Rising Above Uncertainty; Increasing Clinical Yield in Array-Based Cytogenetics

As Andy Ferrin and I drove the five hour car ride home from a cytogenetics conference, we had a lot of time to reflect on the persistent themes we heard in presentations and dialog among conference attendees. Taking somewhat of an outsider view, we traced each complaint, each sigh of frustration, and the unverbalized assumptions behind opposing viewpoints, and they all pointed to the same persistent systemic conflict. This conflict stemmed from the extra information, both knowledge and uncertainty, they were obtaining from using higher resolution microarrays instead of the blunt (but certain) instrument of karyotyping. Some people were on one side of the conflict, others on the other side, but most were oscillating in a compromise position within the dichotomy.

What is this core conflict? Can it be broken to create systemic win-wins for all? Can understanding the core problem of a market lead to truly breakthrough solutions and sustainable competitive advantage? What follows is our attempt at addressing these questions.

Historically, cytogenetic testing based on karyotyping and fluorescence in situ hybridization (FISH) resulted in a rather dismal clinical yield of approximately 3-5%.  That is, of 100 patients with obvious birth defects, 95-97 are not provided with a genetic reason for their condition.  Despite this low yield, these tests have remained the technology standard for years, and still account for the majority of the current US cytogenetic testing market.

Only a handful of years ago, innovators in cytogenetic testing challenged the acceptability of this 3-5% diagnosis rate.  Despite early naysayers, these leaders pioneered the field by employing genome-wide BAC arrays, and then even higher resolution arrays, eventually achieving a clinical yield of approximately 20%.  In addition to providing directions for treatment, peace of mind and closure for a greater number of patients and their families, this fivefold improvement also created significant competitive advantage, delivering rapid growth, broad adoption, and the rise of multiple competitors.  Now, only several years later, array-based cytogenetic testing accounts for more than 20% of the US cytogenetic market, and is growing briskly. A recent consensus statement by the International Standard Cytogenomic Array (ISCA) Consortium now recommends chromosomal microarrays as a first-tier clinical diagnostic test for individuals with developmental disabilities or congenital anomalies, largely due to its enhanced clinical yield over a G-banded karyotype.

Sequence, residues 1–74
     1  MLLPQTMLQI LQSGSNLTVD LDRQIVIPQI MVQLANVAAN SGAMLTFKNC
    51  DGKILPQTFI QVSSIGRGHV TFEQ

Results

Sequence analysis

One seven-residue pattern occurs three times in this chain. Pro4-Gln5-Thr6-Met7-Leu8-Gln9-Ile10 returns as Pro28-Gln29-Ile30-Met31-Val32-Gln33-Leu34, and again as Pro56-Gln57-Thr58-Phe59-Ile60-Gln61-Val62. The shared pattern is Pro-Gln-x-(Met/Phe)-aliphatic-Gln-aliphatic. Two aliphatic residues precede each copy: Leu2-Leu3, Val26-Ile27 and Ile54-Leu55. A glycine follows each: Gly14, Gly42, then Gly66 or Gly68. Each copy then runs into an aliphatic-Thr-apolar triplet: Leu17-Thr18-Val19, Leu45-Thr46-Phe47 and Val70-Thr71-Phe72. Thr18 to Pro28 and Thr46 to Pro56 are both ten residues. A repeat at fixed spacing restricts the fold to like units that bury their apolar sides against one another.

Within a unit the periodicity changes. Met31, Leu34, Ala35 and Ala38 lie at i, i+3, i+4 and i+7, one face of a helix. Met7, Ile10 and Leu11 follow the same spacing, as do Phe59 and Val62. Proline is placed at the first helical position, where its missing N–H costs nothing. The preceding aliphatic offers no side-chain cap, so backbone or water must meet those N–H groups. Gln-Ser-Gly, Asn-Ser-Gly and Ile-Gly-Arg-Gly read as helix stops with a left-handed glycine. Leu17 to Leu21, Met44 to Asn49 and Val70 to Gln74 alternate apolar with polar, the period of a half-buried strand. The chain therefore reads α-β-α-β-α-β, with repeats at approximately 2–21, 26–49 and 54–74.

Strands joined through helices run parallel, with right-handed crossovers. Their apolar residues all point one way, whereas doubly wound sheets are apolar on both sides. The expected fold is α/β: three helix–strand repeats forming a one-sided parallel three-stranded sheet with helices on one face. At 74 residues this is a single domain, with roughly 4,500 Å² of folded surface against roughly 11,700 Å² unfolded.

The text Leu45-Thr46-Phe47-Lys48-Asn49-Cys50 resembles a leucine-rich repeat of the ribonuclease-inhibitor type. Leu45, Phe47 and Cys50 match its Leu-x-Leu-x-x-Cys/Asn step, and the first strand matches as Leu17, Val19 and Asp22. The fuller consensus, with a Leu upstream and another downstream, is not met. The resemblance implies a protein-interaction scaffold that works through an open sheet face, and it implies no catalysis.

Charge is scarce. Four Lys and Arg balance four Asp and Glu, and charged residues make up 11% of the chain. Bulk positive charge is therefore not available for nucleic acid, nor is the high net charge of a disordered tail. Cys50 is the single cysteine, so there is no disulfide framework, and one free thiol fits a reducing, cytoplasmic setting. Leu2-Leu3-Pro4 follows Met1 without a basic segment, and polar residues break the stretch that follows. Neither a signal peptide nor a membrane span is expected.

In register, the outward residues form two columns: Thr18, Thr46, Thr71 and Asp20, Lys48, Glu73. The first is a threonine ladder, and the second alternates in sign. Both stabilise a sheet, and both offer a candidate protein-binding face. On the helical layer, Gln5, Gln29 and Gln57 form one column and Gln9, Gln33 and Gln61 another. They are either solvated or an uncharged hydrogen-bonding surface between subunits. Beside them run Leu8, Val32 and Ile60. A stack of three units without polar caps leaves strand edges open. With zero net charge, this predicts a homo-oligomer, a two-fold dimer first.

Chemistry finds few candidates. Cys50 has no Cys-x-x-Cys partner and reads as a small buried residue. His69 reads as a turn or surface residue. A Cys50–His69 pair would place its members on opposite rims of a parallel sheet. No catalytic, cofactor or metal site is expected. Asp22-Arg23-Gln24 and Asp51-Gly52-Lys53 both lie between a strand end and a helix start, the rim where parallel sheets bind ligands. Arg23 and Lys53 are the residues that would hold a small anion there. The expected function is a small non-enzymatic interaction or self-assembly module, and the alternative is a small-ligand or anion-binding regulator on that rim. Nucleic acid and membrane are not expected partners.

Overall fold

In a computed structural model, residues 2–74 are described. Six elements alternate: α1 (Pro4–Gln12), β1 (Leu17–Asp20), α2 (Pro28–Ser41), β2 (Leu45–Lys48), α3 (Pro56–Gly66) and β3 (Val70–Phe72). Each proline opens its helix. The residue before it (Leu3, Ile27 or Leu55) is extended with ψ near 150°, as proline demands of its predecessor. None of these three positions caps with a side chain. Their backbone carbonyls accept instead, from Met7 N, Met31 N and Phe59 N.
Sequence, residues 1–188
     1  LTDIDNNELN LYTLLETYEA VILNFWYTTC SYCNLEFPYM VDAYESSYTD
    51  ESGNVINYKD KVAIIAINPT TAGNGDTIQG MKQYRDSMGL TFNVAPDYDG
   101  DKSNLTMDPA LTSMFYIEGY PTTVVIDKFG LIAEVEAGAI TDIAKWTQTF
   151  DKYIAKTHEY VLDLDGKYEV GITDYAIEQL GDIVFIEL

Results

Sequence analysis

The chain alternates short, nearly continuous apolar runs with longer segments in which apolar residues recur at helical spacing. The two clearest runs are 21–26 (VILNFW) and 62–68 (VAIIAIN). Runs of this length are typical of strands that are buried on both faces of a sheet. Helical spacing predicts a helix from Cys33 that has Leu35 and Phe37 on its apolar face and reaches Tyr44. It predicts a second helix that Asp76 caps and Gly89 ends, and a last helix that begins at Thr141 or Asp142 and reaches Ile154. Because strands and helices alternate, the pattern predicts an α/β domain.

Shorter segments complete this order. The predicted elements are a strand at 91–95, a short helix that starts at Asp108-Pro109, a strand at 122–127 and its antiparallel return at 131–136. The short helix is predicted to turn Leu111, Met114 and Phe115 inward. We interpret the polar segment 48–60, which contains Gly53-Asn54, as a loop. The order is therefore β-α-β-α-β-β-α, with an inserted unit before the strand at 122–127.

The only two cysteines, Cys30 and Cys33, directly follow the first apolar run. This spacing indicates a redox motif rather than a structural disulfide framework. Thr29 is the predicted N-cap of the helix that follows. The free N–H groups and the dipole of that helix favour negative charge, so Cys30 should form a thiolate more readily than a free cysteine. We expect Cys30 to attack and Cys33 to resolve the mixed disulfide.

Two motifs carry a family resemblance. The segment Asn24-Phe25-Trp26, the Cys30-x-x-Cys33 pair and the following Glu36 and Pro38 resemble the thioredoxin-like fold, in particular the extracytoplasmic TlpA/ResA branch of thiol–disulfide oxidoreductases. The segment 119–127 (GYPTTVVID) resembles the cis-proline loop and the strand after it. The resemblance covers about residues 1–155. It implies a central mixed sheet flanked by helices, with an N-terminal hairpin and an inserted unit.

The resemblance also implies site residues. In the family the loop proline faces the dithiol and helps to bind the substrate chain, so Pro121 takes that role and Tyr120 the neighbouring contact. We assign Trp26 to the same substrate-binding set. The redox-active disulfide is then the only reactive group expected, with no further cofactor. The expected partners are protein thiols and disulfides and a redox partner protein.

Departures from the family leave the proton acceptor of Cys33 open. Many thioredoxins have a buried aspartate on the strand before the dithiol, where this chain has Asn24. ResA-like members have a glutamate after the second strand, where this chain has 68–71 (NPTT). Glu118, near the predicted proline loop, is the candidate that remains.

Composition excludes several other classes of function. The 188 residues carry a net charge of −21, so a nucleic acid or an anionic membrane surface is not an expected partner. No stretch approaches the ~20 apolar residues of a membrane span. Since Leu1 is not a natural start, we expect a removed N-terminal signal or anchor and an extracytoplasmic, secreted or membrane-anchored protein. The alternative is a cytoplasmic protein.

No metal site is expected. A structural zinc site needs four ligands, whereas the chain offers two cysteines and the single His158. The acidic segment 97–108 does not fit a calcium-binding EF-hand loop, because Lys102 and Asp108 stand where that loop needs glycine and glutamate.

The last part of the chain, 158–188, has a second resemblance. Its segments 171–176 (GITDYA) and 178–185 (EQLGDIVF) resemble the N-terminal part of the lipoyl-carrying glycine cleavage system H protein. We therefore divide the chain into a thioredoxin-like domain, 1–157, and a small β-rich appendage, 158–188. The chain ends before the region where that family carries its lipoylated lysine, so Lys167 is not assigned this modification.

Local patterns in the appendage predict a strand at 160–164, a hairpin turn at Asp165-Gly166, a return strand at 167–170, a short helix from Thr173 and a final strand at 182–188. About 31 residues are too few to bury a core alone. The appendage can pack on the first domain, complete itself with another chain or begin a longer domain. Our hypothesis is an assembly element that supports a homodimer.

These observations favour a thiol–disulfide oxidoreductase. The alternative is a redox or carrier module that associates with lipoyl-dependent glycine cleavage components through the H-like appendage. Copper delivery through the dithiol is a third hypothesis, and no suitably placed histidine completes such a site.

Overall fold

Given that higher resolution arrays with more genomic content have lead to increased clinical yields, and given that these higher clinical yields have been a major source of success, one might think a clear path to ongoing innovation and competitive advantage for cytogenetic service providers would be to continue increasing resolution and genomic content, thereby increasing clinical yields.  Such a course would help more patients, further widen the gap between previous generation testing, and provide significant advantage over competitors.

To an outsider, this seems like an obvious direction, yet knowledgeable and experienced people in the field strongly believe this course of innovation is fraught with danger.  The unfortunate result is that while 20% of patients are now successfully diagnosed, the vast majority – the remaining 80% – are not, and progress appears to have plateaued.

The Conflict
Observation of the dialog at a recent cytogenetic microarray conference revealed that the field as a whole suffers from a systemic internal conflict, diagrammed below using the “Evaporating Cloud” model from the Theory of Constraints.

Cytogenetic systemic internal conflict

Everyone can agree on a common goal (A) of helping the patient and their family.  To do so we clearly need to (B) understand and diagnose the disease afflicting the patient and, at the same time, (C) ensure that healthcare decisions are made based on clear, reliable information.  However, these two legitimate needs have lead to conflicting behaviors.  On one hand, in order to better understand and diagnose disease, there is pressure to (D) increase genetic information.  On the other hand, to ensure that decisions are made based on clear, reliable information, there is pressure to take the opposite approach and (D’) limit genetic information to only that which is already known and well characterized.

When individuals are locked into such a systemic conflict, it generates friction between those who identify with opposite sides of the conflict, and inevitably leads to compromises and living with inherent contradictions.  Note how this conflict produces many of the compromises and pain experienced in the field of cytogenetics:

  • The majority of the undiagnosed patients (the 80%) are surprisingly (to outsiders like us) called “normal,” though clearly suffering from a genetic abnormality that was simply not detected or understood. (This use of language appears to be a holdover from the technological limitations of karyotyping, where the dismal 95-97% failure rate in diagnosis and the psychological burden of being unhelpful to parents and child is perhaps repressed under the label “normal”, rather than using a more apt description like “failed to diagnose”)